On the wiring diagram, there is a note mentioning that for a heat kit greater than 13kW the W1 and W2 cables be jumpered to provide maximum temperature boost. I have a feeling it could be this.

@weedmeister: 3 -3.5 kW sounds about right. It depends on the environment temp, which affects COP of the pump. At most, a 2.5 ton unit should not draw more than 3.6kW. As for the possibility of my unit entering defrost mode for periods longer than a few minutes is unlikely at my current location's temperature and relative humidity.

@fsq4cs:Yup, my 2nd gen meter was swapped out back in early September. I based my energy consumption by recording the LIV values at specific times. Honestly, I only caught onto this problem when I saw my meter jump by 50kWh in a single day when I normally used 17. I have a pretty good idea of approximately how much energy is used when I'm at home or when it's unoccupied. I've tried dissecting the DMW to figure out how the hvac equipment is requesting 19.596kW! I backwards calculated the power draw over the 20 minute heating cycle and surely, I got 6.5kWh which appeared as a delta 7 kWh on the smart meter.

    Bookmark   November 8, 2013 at 1:18AM
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dadoes

Normally, defrost mode does not turn off the fans. The three units with which I'm familiar -- 2 houses myself (Lennox, Carrier), 1 my parents (Lennox) ... the outside (condensor) fan does turn off during defrost.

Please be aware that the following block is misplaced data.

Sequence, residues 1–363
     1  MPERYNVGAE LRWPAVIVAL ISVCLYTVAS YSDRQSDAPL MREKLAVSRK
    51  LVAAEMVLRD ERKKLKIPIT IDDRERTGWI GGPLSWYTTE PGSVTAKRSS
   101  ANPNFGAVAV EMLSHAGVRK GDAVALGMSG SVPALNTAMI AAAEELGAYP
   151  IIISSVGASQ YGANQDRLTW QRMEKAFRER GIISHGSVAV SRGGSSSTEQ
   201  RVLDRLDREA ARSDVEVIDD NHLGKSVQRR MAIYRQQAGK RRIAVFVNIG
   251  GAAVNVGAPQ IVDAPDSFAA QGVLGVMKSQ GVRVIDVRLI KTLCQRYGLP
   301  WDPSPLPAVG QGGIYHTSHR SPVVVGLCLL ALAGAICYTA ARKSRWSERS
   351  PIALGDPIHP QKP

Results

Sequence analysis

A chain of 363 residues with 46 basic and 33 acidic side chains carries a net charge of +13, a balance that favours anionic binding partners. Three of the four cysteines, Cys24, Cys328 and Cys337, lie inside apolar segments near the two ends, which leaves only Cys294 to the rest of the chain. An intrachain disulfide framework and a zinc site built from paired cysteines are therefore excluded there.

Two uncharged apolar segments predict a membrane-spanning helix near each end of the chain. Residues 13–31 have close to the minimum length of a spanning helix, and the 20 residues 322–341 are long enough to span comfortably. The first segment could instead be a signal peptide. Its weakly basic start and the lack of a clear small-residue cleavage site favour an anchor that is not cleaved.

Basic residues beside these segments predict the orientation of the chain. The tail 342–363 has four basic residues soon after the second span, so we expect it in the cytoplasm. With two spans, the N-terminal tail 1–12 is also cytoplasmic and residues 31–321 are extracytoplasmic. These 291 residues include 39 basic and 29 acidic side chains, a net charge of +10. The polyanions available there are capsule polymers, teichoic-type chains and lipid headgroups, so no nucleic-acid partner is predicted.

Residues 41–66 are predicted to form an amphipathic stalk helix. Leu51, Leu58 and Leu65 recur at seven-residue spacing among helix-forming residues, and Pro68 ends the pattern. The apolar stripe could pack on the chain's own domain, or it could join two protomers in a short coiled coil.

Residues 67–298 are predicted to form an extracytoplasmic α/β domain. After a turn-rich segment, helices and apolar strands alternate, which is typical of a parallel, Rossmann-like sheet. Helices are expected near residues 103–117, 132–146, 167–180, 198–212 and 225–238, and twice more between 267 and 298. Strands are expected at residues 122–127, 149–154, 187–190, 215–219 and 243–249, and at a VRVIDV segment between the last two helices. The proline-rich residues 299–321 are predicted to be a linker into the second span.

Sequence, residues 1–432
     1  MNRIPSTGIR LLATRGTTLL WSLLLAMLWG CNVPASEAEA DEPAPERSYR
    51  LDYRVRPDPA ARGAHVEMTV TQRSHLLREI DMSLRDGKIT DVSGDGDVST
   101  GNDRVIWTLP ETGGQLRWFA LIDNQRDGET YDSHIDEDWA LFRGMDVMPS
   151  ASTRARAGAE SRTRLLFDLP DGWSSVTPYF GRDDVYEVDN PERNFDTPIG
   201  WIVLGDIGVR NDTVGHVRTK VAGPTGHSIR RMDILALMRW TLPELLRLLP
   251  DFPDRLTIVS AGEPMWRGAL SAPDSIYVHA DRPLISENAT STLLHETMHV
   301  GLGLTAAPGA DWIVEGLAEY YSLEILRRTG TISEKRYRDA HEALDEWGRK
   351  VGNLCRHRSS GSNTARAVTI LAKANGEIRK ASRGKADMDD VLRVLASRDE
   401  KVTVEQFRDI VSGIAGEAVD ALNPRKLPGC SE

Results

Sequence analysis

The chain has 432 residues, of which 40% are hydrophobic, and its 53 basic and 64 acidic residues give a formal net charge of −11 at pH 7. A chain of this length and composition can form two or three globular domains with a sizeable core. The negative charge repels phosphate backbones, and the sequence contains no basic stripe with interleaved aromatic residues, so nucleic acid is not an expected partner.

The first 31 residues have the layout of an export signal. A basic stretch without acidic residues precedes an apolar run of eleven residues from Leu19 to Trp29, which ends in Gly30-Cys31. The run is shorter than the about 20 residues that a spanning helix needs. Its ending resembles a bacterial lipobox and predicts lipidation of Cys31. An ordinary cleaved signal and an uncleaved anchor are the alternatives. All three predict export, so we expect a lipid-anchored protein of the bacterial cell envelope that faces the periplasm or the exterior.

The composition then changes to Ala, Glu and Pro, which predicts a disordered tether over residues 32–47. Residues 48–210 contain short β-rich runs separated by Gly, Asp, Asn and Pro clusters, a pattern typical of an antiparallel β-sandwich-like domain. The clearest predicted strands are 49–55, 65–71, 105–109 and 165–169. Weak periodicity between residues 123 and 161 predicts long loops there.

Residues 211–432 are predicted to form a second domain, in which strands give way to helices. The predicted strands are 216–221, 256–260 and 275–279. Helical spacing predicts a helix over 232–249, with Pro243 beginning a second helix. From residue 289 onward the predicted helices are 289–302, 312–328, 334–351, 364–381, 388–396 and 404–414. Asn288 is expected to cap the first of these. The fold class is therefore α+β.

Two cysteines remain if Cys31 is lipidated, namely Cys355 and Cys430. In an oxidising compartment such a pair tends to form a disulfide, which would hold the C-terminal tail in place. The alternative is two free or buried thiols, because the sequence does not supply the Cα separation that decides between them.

My Carrier is a 5-ton unit with two banks of heat strips, two breakers for the blower unit. One breaker controls the blower fan and one of the heat strips. The other breaker is for the 2nd heat strip, which I usually keep it turned off.

    Bookmark   November 8, 2013 at 6:13AM
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thull

Just a thought from the peanut gallery- this sort of sounds like the defrost is overactive? I know on our older Rheem HP there were jumpers to change some of the settings (time vs temperature) on the defrost board.

I have no idea what the right settings would be for QB, but that's one thing I'd start thinking about as you continue troubleshooting.

As others have noted, though, it might be time to call service. If it's only 7 months old, do you not have some sort of warranty from the builder? I would think a problem that early on shouldn't be yours to be paying for.

    Bookmark   November 11, 2013 at 4:07PM
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saltidawg

weedmeister said, "Normally, defrost mode does not turn off the fans."

Here is an explanation/demonstration:

http://www.youtube.com/watch?v=s2TU11Lfjk8

Mine does as does the Carrier shown in the video linked to below..

Here is a link that might be useful: Carrier 4 Ton Defrost Cycle Video

This post was edited by saltidawg on Mon, Nov 11, 13 at 17:24

    Bookmark   November 11, 2013 at 5:14PM
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edlincoln

I don't understand the electrical issues...but an Amp Meter is a tool that people use once or twice a year. When I need a tool like that, I borrow it. Post on Facebook to see if one of your friends has one. See if you can rent one at Lowes or Home Depot.

It's not the same thing, but my library will let you sign out a Kill-A-Watt(TM).

    Bookmark   November 12, 2013 at 11:00AM
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peeler

Please verify that your thermostat is configured as a heat pump. You should be able to do this by removing the cover of the thermostat and looking at the lower left of the stat.

Here is a link that might be useful: Link to your thermostat installation manual online.

This post was edited by peeler on Mon, Nov 18, 13 at 16:40

    Bookmark   November 18, 2013 at 8:04AM